Kind of – a way to talk but say nothing.
The project deals with the Theme of languages and speech, as an instrument to communicate and deliver thoughts and feelings, but also as an instrument to reject the “other” language. As a political instrument mixed with manipulation that creates a lexicon that is pointed to the ultimate victim – but also as an action which floods the yearning to the simple and understood language, the forgotten language.
The context is the education system in school and the story is about a group of pupils and teachers, in the 60th and 70th decades – after the 1967 War. Each one of them has his-her own narrative, but when they are called to assemble, they get the power of obedient mass.
The project is based and inspired by different forms of writing, including: prose and poem (Claudel, Abramowitch, Von Horvath), theory (Canetti, Chomsky, Boll, Ophir), philosophy (Socrates) and new writing.
Performed in: Arabic, Hebrew, English, Yiddish and German
With German and English surtitles
In cooperation with Schaubuehne, Berlin.
Supported by Rosa Luxemburg foundation and Goethe Institute
- F.I.N.D Festival Schaubuehne Berlin, April 2018 – World Premiere
- Concept and Direction | Ofira Henig
- Visual Concept | Roni Toren
- Costume | Annie Atedgy
- Sound | Ido Manor
- Light | Rafael Ovadia
- With (in order of appearance) | Khalifa Natour, Dana Sorin, Maya Omaya Keesh, Yiftach Mizrahi, Yossi Zabari, Sheeri Chen, Lani Shahaf, Salwa Nakkara, Yussef Abu Warda, Ulrich Hoppe
- Arabic Translation | Khalifa Natour
- Hebrew Translation | Simon Bouzaglo, Hannan Elstein
- German Translation | Lukas Czech
- English translation: | Ellen Gallagher, Leonard
- Assistant Director | Matan Amsulum
- Surtitles editing & operating | Murad Abu Elheja
manmaRo Project - The Bees' Road
I look, therefore I see.
ManmaRo Project explores different perspectives on immigration and on the position of the refugee, by giving a voice to the landscapes through which the Syrian refugees have travelled on their way to Europe: the animals and trees which have involuntarily and unconsciously borne witness to their journeys. These otherwise mute observers speak out and open our eyes to stories of flight and displacement.
- Written by Khalifa Natour
- Concept & director | Ofira Henig
- Stage | Ashraf Hanna
- Lighting | Muaz Jubeh
- Performed by Khalifa Natour
- Translation from Arabic to German | Idriss Al-Jay
- Translation from Arabic to English | Ahmed Saleh
Natour, a Palestinian actor, was born in Qalansawa. He graduated Beit Zvi School of Acting in 1991, and has worked in various repertory theatres (roles playd by him include Romeo in Romeo and Juliet, Herodus in Salome, Ulysses in Ulysses on Bottles and more).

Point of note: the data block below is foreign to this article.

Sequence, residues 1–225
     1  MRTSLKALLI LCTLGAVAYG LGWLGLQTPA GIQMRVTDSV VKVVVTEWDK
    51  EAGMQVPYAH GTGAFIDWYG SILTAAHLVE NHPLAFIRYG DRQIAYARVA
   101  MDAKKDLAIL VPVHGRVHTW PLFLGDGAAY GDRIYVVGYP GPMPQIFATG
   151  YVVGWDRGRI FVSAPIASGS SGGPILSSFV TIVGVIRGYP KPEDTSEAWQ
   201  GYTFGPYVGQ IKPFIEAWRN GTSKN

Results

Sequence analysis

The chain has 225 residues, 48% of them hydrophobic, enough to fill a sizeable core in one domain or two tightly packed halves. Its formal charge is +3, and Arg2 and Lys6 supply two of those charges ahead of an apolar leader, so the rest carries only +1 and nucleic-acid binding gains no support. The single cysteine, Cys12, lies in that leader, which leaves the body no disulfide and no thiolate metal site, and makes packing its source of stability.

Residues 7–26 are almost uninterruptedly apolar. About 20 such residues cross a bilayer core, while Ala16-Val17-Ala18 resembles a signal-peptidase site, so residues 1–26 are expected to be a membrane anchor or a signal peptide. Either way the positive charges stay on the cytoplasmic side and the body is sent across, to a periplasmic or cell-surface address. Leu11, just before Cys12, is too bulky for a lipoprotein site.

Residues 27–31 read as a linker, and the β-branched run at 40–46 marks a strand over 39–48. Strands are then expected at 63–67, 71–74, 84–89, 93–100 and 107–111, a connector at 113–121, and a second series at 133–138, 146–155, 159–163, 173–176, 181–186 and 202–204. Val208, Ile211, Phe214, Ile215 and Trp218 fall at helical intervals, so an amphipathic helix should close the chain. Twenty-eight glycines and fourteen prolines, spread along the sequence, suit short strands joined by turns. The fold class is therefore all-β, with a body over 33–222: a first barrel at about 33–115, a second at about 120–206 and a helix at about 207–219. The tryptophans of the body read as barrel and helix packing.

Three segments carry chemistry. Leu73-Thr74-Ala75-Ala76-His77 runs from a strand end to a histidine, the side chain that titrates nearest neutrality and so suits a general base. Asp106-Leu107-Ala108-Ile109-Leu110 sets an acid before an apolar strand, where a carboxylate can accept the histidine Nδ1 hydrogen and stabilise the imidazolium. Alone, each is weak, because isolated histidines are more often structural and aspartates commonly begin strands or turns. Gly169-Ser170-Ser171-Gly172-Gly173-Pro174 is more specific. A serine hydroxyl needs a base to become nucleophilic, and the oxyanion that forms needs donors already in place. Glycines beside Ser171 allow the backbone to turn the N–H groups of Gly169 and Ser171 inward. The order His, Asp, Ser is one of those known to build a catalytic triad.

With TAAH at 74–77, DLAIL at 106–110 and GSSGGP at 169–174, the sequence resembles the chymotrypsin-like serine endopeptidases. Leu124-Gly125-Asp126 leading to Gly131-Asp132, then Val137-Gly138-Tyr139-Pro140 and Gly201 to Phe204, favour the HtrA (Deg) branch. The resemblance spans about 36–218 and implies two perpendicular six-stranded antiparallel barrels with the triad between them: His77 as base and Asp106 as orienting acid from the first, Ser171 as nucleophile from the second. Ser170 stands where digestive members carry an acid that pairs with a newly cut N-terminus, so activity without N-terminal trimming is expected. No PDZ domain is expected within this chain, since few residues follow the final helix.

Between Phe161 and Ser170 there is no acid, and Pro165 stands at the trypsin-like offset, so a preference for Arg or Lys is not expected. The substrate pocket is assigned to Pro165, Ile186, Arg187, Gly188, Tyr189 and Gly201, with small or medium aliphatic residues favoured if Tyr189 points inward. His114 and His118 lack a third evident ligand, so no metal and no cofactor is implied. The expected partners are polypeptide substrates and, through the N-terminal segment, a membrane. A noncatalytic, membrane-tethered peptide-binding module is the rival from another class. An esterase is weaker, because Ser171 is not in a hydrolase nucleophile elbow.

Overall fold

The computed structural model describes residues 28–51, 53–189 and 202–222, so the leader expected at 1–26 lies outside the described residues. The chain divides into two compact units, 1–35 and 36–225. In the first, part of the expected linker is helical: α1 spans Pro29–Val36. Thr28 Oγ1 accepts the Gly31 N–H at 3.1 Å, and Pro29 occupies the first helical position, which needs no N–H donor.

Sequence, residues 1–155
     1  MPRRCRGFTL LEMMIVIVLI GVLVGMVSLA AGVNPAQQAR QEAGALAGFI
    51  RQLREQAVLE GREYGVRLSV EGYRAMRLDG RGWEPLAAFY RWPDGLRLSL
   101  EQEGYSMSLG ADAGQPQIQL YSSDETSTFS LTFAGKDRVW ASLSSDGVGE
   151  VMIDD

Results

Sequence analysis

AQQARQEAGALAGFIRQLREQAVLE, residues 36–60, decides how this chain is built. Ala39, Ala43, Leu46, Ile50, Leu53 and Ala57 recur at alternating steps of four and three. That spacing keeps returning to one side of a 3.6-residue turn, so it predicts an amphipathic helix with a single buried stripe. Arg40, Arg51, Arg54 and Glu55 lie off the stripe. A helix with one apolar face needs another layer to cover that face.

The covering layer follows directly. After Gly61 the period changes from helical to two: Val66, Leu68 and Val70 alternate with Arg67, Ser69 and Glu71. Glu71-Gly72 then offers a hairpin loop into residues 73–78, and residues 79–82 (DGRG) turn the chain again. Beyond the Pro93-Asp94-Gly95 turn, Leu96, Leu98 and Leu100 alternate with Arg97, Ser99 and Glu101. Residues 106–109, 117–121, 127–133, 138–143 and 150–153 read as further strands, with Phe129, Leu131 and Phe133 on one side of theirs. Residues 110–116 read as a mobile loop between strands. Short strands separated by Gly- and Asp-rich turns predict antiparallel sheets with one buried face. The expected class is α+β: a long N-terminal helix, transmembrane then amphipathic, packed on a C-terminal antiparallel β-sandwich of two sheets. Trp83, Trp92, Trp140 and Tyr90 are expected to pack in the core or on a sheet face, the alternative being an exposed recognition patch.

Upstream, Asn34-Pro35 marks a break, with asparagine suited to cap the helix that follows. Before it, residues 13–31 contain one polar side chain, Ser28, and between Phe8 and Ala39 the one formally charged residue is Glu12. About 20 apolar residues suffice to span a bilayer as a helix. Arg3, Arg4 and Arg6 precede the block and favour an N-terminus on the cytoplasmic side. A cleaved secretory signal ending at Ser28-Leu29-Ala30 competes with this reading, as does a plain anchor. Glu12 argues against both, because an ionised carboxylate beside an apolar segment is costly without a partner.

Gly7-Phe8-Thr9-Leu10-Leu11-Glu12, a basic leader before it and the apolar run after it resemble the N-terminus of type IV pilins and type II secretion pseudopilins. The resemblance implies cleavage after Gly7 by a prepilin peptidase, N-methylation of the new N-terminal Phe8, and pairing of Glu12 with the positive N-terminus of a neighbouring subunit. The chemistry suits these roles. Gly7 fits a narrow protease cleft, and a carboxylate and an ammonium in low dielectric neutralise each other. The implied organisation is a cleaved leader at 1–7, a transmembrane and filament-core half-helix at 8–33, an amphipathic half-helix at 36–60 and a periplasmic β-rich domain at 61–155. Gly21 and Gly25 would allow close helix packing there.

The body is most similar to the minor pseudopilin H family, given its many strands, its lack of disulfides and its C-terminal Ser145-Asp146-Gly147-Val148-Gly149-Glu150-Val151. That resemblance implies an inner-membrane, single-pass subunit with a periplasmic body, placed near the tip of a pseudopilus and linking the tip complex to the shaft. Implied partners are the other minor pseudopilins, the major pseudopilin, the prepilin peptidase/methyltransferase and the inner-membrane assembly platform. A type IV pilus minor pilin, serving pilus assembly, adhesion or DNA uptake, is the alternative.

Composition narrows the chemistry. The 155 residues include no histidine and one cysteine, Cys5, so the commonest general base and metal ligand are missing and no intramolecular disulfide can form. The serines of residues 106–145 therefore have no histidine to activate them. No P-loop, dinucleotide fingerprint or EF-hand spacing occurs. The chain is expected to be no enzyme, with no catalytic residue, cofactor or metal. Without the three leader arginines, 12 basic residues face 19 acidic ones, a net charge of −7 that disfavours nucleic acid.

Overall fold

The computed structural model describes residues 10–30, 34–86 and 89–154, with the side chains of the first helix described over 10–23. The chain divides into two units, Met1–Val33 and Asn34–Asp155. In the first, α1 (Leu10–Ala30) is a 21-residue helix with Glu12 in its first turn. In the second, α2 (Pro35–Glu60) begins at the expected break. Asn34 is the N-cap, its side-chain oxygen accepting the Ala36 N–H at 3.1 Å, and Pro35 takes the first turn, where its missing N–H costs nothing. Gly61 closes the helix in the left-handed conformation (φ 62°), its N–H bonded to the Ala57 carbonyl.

Since 2000 he decided to perform in his mother tongue, Arabic, and moved to Ramallah where he adapted and performed Stories Under Occupation, produced by Al Kasabe Theater, and Jidariyya (mural), based on Mahmoud Darwish poems, produced by Al Hakawatti Theatre. Both productions were directed by Nizar Zuabi and were invited to perform in venues such as Theatre Des Bouffes Du Nord, Young Vic, Royal Court, Edinburgh Festival and more.
Natour has won the first prize for best actor in the Jaffa Festival (2006) for the one-man show In Spitting Distance, directed by Ofira Henig. The production performed in The Barbican, Romaeropa Festival, Theaterspektakel, Sydney Opera, Schaubuhne Theater, Theatre Des Bouffes Du Nord and more. He performed in Peter Brook’s productions Fragments (based on texts by Samuel Beckett), and 11&12 (based on a text by Amadou Hampâté Bâ), and more. Films in which Natour performed include Tikkun (directed by Avishai Sivan, 2015); Le Fils de l’autre (directed by Lorraine Levy, 2012); The Band’s Visit (directed by Eran Kolirin, 2007), and many more.
Three Dog Night
- Concept, Writing and Directing | Ofira Henig
- Dramaturgy | Ulrich Beck
- Actors | Rivka Neumann, Salwa Nakkara, Almut Zilcher Gotscheff, Tjark Bernau
- Translation from Hebrew to German | Adina Stern
- Translation from Hebrew to Arabic | Salwa Nakkara
- Translation from English and Greek to Hebrew | Simon Bouzaglo
- Translation of Documents from German to Hebrew | Hanan Elstein
- Translation of testimony from English to German | Lukas Czech
- Visual concept | Amit Drori
- Costumes | Annie Atedgy-Yellin
- Assistant to director | Naama Berman
- Sound | Ido Manor
- Lighting | Raphael Ovadia
- Production | as is presenting arts
Co-produced by Deutsches Theater, Berlin and Hellerau – European Center for the Arts Dresden; With the support of Goethe Institut Tel-Aviv; The Israeli Society to Live and Die with DignityMifal Hapais (NPO); Mifal Hapais
A story about three women and one absent man
Three women, from three different cultures, speaking three different languages meet at the bedside of a dying man.
A journey following the decision of actively ending life. A wild and associative contemplation presented from different perspectives ranging between personal and general, past and present. A story about the legitimacy of “Mercy Killing” as one of the fundamental human rights versus the personal and social risk in taking such an action, within the political and historical context.
Through coping with the sickness, the pain and the duties caused by it, the issue of freedom of choice of a person regarding his life and death is raised. Each of the women bring their unique cultural and personal baggage influencing their relationships and their ways of coping.
The project combines original personal texts with documents and poetic texts.
״As eager as we are to escape limiting definitions of identities, the harder we kick expectations set for us, the further away we wish to get from prejudices – comes the politics and swallows us whole, the history reappears and dictates our biography.״
Yes, Stand Out of My Sunlight!
- Concept and directing by Ofira Henig
- Written by Gilad Evron, Yussuf Abu-Warda, Ofira Henig
- Translation from Hebrew to German | Adina Stern
- Translation from Arabic to German | Hamid Lechab
- Translation from German to Hebrew | Hanan Elstein
- Translation from English to Hebrew | Simon Bouzaglo
- Visual images | Amit Drori
- Photos and video | Gerard Alon
- Costume design | Miriam Guretzki- Bilu
- Sound | Ido Manor